Relationship with the Waffen-SS
The rank of Reichsführer-SS was defined in the SS hierarchy as the highest possible rank of the Allgemeine-SS. The exact position of the rank within the military Waffen-SS evolved over many years, ranging from clearly defined to vaguely associated. The Waffen-SS was originally a small armed SS unit called the SS-Verfügungstruppe, and in the 1930s was under the command of Himmler who, in his position as Reichsführer-SS, issued directives and orders to SS-VT commanders. Hold-outs existed for some aspects of the armed SS however, as well as within the special bodyguard unit known as the SS-Leibstandarte. Although the unit was nominally under Himmler, Sepp Dietrich was the real commander and handled day-to-day administration.
The Waffen-SS eventually grew from three regiments to over 38 divisions and served alongside the German Army, but was never formally part of it. During World War II, the authority of the Reichsführer-SS over the Waffen-SS was mainly administrative in that certain General-SS offices controlled supply and logistics aspects of the Waffen-SS. Himmler also held authority to create new Waffen-SS divisions as well as order the formation of various smaller SS combat units. The daily association with the Waffen-SS, however, encompassed primarily inspecting Waffen-SS troops and presenting high-ranking medals to its members.
The Reichsführer-SS further never exercised direct operational authority over Waffen-SS units until the very end of the war and then only through his capacity as an Army Group commander and not as the head of the SS. Top Waffen-SS commanders, such as Sepp Dietrich, Wilhelm Bittrich, and Matthias Kleinheisterkamp, further held a certain derision for Himmler, describing him as "sly and unmilitary".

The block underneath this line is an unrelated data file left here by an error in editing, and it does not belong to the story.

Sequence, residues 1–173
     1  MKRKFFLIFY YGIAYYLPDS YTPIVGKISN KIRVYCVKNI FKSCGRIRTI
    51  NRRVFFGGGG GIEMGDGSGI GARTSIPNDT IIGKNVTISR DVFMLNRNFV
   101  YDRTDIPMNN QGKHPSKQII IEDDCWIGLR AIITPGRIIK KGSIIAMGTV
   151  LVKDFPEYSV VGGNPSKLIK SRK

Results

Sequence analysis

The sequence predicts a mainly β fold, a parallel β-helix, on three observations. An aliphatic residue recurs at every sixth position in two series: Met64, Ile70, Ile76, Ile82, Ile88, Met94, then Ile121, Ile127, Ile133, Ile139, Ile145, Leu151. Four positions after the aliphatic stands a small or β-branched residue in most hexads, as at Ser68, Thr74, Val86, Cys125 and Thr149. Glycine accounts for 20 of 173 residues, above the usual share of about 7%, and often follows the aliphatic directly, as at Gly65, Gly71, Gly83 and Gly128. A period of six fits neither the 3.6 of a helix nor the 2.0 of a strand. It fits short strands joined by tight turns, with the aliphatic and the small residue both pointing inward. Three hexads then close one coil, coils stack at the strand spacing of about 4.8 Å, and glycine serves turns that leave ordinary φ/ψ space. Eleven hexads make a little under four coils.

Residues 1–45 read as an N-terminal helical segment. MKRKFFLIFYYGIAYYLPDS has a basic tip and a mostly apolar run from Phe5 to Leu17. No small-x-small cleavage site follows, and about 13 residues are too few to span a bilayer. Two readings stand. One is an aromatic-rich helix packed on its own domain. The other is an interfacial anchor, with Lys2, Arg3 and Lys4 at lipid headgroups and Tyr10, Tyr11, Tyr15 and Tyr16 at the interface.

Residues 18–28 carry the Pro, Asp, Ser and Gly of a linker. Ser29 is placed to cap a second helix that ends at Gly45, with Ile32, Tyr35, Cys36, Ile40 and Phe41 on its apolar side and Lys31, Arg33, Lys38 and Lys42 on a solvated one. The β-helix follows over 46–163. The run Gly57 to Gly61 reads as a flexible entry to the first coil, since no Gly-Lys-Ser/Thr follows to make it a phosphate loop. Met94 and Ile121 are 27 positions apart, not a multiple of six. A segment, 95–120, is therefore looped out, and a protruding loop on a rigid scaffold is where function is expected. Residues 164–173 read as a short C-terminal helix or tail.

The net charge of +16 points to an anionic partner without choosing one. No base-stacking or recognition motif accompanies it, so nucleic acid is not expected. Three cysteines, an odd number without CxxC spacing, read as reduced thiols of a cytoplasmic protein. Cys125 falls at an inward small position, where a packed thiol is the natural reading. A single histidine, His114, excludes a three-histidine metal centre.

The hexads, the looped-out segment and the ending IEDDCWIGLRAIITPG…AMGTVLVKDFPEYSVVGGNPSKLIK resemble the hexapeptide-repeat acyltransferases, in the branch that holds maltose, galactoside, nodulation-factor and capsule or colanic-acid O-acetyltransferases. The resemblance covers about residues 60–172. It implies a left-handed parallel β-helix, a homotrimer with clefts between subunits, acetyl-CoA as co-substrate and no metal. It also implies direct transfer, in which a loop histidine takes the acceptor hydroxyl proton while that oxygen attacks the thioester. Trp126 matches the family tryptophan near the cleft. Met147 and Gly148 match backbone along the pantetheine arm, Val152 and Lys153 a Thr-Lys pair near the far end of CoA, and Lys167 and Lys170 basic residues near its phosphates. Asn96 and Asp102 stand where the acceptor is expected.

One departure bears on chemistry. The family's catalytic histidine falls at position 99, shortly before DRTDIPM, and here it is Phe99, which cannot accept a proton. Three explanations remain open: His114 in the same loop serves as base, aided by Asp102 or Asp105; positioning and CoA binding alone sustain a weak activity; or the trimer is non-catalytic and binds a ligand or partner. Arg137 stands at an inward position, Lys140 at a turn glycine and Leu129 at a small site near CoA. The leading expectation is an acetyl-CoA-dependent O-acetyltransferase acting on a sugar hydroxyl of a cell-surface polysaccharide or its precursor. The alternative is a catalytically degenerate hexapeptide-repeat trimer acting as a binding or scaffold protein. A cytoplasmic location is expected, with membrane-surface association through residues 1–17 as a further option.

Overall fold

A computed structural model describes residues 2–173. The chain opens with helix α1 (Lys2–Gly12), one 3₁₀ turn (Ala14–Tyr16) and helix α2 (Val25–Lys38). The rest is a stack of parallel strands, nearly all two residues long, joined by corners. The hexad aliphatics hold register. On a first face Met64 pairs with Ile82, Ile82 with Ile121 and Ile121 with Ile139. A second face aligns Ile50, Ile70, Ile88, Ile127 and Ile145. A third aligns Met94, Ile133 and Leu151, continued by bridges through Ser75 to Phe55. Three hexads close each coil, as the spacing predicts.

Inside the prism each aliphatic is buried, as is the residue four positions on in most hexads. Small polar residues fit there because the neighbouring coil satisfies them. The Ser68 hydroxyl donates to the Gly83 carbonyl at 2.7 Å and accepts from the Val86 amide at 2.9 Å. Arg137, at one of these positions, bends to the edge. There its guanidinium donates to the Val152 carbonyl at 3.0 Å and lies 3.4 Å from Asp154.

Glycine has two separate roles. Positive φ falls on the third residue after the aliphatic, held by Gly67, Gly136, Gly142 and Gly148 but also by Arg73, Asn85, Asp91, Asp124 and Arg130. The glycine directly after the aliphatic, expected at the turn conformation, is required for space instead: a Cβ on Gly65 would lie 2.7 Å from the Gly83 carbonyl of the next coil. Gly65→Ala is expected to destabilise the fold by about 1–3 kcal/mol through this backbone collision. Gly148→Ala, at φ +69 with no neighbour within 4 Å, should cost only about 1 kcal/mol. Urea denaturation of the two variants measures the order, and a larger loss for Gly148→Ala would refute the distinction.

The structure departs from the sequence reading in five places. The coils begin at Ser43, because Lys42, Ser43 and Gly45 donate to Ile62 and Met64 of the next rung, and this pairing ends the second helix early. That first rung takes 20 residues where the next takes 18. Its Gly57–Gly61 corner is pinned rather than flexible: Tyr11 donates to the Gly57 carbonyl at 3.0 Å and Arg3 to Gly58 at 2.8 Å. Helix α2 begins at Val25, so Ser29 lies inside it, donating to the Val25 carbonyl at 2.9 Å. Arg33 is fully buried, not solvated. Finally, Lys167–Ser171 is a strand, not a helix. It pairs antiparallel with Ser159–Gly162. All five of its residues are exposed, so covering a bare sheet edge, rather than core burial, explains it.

Attached to the office was the 18,438-strong SS formations managed by the Kommandostab Reichsführer-SS ("Command Staff Reichsführer-SS") reporting directly to Himmler. To head the Command Staff, Himmler appointed career army officer Kurt Knoblauch, who acted as chief of staff for the units. Prior to the launch of the invasion of the Soviet Union in June 1941, these formations included two motorized SS-Infantry Brigades, two SS-Cavalry Regiments combined into the SS Cavalry Brigade, a bodyguard battalion, flak units and a number of companies of support troops. Units were temporarily placed under army command for operations, but the Reichsführer could call them back at any time. Despite the name, it was not employed as a unified HQ unit. Instead, its individual units were sent to occupied areas, subordinated to local Higher SS and Police Leaders (HSSPFs) and used for "pacification actions" alongside the Einsatzgruppen. Often these actions were atrocities and mass murders, targeting Jews and "suspected partisans".
In all, five people held the title of Reichsführer-SS during the twenty years of its existence. Three persons held the position as a title while two held the actual SS rank.
Hanke was appointed SS leader in April 1945, but not informed until early May. He was captured by Czech partisans on 6 May and interned. He was killed on 8 June, while attempting to escape a POW camp. Historians have often speculated that Reinhard Heydrich would have eventually held the rank had Himmler in some way been killed or removed from his position earlier in World War II, and indeed Heydrich was often seen as Himmler's heir apparent by senior SS leaders. However, at a diplomatic function in Italy in 1941, Heydrich was reported as stating that he had no desire to succeed Himmler.
- ^ As noted in The SS: "Himmler...was now the head of two important, separate organizations – the SS and the national police (emphasis added)." Much of his power and influence as Reichsführer-SS resided from control of the police, duties separate, yet linked.